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Free Will: Brute Fact of Nature or Institutional Fact?

Free Will: Brute Fact of Nature or Institutional Fact?

We like to think we have a free will. But are we really free to do as we will or is that an illusion?

According to Dick Swaab and Victor Lamme, both the will and the free will are illusions. Scientific research on the brain, they argue, showcases that we erroneously identify ourselves with the conscious mind and consider our decisions, at least in principle, to be the result of an act of deliberation. But it is, in fact, the brain that decides, whereas the conscious mind invents a reason in order to explain the choice that the brain has already made.

This conclusion is based on the assumption, first, that the will is a mere construction of the mind, and, second, that the (free) will, therefore, is an illusion. That boils down to the idea that only brute facts of nature are true facts and everything else illusions. But this world not only consists of brute facts of nature (molecules, organisms), but also of facts that exist only because we believe them to exist (money, the UN, property). John Searle, in his book The Construction of Social Reality (1995) calls the latter facts “institutional facts”. A piece of paper (a brute fact) is a 20 Euro bill, because of the institution of money. This worthless piece of paper becomes valuable only because the function to possess this value is assigned to them and we collectively accept this assigned function. Money is not the coins and paper bills (brute facts), but the collective behavior of people towards money. It exists because we believe it to exist. But does this mean that money (or the UN or property) is a mere illusion?

An analysis of the juristic act (art. 3:33-35 BW) exhibits that the will is an institution as well. The assumption of art. 34 is that we must differentiate between a true will and an apparent will: I sometimes willed an action, but afterwards concluded that this couldn’t have been my true will. The criterion to determine what my true will is, is the standard of reasonableness. My (legal) will, therefore, is not the mere inclination to do something, but the judgment that this inclination is also something I could reasonably have willed at the time of the declaration. This means, first, that the will is a construction (it is a judgment, not the inclination in the brain), and, second, not a private phenomenon, only knowable to myself, but an institutional fact (I will use the institution of reasonableness in order to assess whether or not my declaration expressed my true will).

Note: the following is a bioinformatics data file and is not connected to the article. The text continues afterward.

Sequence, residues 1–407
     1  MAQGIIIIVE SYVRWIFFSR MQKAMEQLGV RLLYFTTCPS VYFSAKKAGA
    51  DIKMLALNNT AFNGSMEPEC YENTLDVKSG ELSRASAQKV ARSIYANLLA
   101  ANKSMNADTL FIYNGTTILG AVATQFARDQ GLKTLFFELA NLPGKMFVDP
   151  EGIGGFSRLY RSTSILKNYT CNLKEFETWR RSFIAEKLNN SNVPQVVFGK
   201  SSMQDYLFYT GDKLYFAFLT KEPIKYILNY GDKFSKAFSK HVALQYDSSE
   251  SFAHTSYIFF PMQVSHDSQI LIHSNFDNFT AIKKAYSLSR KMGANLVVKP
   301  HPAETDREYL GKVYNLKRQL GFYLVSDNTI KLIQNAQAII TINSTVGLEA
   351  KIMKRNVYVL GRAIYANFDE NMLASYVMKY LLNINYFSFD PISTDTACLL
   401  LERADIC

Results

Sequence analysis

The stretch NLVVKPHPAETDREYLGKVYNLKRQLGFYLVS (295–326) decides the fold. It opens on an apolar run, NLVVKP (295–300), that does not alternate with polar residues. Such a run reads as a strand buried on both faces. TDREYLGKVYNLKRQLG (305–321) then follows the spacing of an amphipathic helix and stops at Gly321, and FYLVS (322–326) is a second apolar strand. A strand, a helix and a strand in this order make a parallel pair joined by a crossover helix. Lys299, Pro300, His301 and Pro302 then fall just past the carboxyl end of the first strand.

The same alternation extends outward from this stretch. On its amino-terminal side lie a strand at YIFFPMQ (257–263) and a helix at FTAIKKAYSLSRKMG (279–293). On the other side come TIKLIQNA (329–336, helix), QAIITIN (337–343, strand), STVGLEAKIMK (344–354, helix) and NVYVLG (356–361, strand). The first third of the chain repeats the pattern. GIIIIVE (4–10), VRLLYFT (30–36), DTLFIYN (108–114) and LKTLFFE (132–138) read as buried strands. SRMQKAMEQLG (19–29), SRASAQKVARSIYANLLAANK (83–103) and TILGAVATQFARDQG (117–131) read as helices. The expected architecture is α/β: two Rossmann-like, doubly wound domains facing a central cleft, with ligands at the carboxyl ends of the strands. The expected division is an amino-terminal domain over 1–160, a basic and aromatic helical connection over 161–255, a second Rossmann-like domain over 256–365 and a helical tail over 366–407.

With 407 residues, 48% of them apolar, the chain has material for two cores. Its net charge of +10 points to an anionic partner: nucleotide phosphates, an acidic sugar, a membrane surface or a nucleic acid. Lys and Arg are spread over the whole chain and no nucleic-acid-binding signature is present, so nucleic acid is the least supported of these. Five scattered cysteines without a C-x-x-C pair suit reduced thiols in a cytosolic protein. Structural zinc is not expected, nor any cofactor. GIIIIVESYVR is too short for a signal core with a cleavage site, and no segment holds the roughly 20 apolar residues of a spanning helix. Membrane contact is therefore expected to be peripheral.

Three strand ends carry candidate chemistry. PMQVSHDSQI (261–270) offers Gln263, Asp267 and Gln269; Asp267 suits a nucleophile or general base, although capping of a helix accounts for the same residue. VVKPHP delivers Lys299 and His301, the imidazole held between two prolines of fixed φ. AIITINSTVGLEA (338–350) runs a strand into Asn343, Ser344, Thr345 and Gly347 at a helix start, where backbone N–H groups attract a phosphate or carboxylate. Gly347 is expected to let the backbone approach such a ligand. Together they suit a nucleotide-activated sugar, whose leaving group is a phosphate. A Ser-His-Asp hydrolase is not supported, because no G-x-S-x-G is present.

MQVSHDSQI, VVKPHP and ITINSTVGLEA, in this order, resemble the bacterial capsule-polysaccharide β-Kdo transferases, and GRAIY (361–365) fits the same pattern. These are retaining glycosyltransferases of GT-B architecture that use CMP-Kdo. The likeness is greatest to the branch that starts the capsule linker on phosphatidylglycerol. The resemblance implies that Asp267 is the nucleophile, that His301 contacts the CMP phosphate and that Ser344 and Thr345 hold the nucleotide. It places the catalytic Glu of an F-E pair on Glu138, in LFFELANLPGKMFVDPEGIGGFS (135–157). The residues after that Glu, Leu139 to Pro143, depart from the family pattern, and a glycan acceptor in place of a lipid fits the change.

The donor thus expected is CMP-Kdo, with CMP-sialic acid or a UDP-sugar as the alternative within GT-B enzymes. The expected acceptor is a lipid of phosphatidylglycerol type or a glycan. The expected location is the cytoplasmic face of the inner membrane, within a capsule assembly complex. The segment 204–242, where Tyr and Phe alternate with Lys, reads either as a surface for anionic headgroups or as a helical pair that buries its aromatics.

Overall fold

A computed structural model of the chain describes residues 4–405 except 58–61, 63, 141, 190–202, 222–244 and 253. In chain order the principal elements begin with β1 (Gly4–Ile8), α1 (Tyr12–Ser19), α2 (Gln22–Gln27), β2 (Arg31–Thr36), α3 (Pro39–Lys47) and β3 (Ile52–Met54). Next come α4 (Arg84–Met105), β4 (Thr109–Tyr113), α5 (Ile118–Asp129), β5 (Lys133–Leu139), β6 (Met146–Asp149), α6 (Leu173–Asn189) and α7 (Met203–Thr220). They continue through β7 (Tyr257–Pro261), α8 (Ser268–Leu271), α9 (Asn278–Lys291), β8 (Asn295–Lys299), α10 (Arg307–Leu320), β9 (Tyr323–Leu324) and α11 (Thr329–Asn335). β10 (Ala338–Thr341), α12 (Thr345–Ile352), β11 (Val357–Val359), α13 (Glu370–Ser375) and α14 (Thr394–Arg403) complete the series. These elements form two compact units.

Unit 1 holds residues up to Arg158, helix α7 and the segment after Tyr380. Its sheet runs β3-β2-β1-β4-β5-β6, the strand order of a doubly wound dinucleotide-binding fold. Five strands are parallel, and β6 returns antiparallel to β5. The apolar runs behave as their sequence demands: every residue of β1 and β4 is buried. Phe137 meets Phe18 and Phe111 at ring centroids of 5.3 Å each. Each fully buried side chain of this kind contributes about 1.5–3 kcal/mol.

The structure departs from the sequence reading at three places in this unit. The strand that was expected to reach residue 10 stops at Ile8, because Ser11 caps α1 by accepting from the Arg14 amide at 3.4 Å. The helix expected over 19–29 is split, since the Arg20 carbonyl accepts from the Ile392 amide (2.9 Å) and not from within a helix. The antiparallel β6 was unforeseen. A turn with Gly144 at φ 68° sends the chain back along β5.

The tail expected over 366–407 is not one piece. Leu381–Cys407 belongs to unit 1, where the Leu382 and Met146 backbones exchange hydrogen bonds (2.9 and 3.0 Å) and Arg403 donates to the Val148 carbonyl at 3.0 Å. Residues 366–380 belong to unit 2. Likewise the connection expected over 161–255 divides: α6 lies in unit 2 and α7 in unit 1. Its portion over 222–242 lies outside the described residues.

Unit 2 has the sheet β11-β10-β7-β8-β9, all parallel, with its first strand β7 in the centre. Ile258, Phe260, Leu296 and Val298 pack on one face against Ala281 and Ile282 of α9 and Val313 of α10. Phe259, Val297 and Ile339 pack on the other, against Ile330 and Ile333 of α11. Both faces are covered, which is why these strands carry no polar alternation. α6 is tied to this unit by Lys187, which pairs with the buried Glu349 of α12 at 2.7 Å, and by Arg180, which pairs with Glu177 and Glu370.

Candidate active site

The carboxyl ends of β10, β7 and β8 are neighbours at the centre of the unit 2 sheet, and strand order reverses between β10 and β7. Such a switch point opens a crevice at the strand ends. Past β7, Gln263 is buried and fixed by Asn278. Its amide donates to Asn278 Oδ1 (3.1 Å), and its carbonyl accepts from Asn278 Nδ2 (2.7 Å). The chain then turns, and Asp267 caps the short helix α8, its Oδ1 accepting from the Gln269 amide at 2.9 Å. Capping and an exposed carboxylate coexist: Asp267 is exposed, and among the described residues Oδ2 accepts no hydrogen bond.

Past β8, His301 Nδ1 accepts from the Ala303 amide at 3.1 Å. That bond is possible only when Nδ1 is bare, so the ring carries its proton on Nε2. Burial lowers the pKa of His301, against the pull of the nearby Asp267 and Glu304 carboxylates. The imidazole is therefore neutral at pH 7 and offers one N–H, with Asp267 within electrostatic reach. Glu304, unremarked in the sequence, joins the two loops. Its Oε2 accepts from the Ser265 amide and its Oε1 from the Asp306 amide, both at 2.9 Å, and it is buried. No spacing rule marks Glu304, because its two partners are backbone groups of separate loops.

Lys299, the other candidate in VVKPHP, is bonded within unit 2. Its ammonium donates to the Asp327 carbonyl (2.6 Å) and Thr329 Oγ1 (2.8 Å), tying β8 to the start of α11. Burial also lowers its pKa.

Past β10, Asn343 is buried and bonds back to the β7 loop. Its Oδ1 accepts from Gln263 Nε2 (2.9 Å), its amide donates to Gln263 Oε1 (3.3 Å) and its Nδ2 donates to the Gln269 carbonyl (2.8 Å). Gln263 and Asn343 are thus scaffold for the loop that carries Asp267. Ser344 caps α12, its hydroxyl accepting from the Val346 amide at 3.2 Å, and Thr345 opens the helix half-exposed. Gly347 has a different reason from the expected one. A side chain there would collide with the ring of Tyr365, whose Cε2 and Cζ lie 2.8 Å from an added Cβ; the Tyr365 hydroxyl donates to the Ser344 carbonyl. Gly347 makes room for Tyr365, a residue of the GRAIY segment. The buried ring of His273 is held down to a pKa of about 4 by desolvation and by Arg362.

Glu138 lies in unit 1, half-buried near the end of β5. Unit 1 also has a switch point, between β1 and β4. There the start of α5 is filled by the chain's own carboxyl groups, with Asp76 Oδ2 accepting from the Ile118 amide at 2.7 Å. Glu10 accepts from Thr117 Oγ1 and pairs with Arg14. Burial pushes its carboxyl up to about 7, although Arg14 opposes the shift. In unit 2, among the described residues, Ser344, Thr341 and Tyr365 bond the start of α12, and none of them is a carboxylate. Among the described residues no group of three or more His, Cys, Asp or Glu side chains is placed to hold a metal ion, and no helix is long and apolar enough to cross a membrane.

Only if we consider the Euro, the UN and property to be mere illusions, may we also call the (free) will an illusion. But to accept that option, is to wipe out the social world with its institutions of law, science and art, and to find us in a naked, nasty world of brute facts only. The mistake of Lamme and Swaab is a category-mistake: they fail to see that the (free) will does not belong to the category of biology, but that it belongs to the social world. The conclusion is: the (free) will exists!

(This blog is a summary of the Meijers Lecture, held January 8, 2013. Full text here)

1 Comment

Dardan Bastiaan

Wondering: doesn't the unconscious decide what the conscious is going to say to the unconscious?

Anyway: "This worthless piece of paper becomes valuable "only because the function to possess this value is assigned to them"" I don't see how this reasoning is transferable to free will because the function of free will is not accepted like money but in most cases assumed, very few people question the problems of free will. If we would accept free will because we want to prevent people from guiltlessly commiting crimes it would belong to the social world. Then something non-existing or worthless becomes valuable. Now we accept, assume or believe it itself is valuable and that is false.

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